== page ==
100. Kukowska-Latallo, J.F.; Candido, K.A.; Cao, Z.; Nigavekar, S.S.; Majoros, I.J.; Thomas, T.P.; Balogh, L.P.; Khan, M.K.; Baker, J.R., Jr. Nanoparticle targeting of anticancer drug improves therapeutic response in animal model of human epithelial cancer. Cancer Res. 2005, 65, 5317–5324. [Google Scholar] [CrossRef] [PubMed]
  101. Bhadra, D.; Bhadra, S.; Jain, S.; Jain, N.K. A pegylated dendritic nanoparticulate carrier of fluorouracil. Int. J. Pharm. 2003, 257, 111–124. [Google Scholar] [CrossRef]
  102. Kolhe, P.; Misra, E.; Kannan, R.M.; Kannan, S.; Lieh-Lai, M. Drug complexation, in vitro release and cellular entry of dendrimers and hyperbranched polymers. Int. J. Pharm. 2003, 259, 143–160. [Google Scholar] [CrossRef]
  103. El-Sayed, M.; Rhodes, C.A.; Ginski, M.; Ghandehari, H. Transport mechanism(s) of poly (amidoamine) dendrimers across caco-2 cell monolayers. Int. J. Pharm. 2003, 265, 151–157. [Google Scholar] [CrossRef]
  104. Yao, W.; Sun, K.; Mu, H.; Liang, N.; Liu, Y.; Yao, C.; Liang, R.; Wang, A. Preparation and characterization of puerarin-dendrimer complexes as an ocular drug delivery system. Drug Dev. Ind. Pharm. 2010, 36, 1027–1035. [Google Scholar] [CrossRef] [PubMed]
  105. Carberry, T.P.; Tarallo, R.; Falanga, A.; Finamore, E.; Galdiero, M.; Weck, M.; Galdiero, S. Dendrimer functionalization with a membrane-interacting domain of herpes simplex virus type 1: Towards intracellular delivery. Chemistry 2012, 18, 13678–13685. [Google Scholar] [CrossRef] [PubMed]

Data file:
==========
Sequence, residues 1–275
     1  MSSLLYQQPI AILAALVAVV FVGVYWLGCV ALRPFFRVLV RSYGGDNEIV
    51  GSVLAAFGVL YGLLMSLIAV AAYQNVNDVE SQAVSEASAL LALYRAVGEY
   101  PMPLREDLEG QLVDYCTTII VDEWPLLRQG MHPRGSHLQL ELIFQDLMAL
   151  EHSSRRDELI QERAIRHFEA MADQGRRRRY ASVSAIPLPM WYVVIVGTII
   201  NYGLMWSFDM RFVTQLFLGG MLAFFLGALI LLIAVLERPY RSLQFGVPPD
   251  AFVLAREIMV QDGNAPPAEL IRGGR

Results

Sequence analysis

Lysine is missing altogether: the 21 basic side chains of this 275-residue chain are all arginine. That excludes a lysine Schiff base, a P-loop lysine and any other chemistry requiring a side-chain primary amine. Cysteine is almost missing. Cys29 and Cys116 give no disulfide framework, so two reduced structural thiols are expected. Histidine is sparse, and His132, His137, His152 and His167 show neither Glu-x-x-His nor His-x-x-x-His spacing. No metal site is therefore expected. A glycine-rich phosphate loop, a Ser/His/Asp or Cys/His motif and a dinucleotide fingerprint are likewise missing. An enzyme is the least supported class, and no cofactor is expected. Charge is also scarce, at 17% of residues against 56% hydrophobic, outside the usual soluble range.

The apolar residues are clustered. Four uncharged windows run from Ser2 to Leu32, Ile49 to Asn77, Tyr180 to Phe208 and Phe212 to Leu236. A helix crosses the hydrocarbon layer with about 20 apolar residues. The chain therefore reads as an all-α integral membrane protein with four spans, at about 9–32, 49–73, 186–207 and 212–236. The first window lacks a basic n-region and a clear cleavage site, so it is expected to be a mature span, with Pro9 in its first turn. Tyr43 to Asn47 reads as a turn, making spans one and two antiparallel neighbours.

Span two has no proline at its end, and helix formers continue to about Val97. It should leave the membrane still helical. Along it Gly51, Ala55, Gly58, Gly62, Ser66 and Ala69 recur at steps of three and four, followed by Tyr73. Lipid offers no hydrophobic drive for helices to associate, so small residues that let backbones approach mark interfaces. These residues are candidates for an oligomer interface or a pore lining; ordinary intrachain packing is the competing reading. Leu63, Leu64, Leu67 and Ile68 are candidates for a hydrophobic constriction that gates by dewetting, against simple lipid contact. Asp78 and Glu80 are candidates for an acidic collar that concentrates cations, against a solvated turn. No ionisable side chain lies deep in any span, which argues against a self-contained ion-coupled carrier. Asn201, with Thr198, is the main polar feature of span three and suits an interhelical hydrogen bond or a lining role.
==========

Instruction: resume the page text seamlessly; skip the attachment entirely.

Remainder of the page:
106. Falanga, A.; Tarallo, R.; Carberry, T.; Galdiero, M.; Weck, M.; Galdiero, S. Elucidation of the interaction mechanism with liposomes of gh625-peptide functionalized dendrimers. PLoS ONE 2014, 9, e112128. [Google Scholar] [CrossRef] [PubMed]
  107. Galdiero, S.; Falanga, A.; Morelli, G.; Galdiero, M. Gh625: A milestone in understanding the many roles of membranotropic peptides. Biochim. Biophys. Acta 2015, 1848, 16–25. [Google Scholar] [CrossRef] [PubMed]
  108. Dhanikula, R.S.; Hammady, T.; Hildgen, P. On the mechanism and dynamics of uptake and permeation of polyether-copolyester dendrimers across an in vitro blood-brain barrier model. J. Pharm. Sci. 2009, 98, 3748–3760. [Google Scholar] [CrossRef] [PubMed]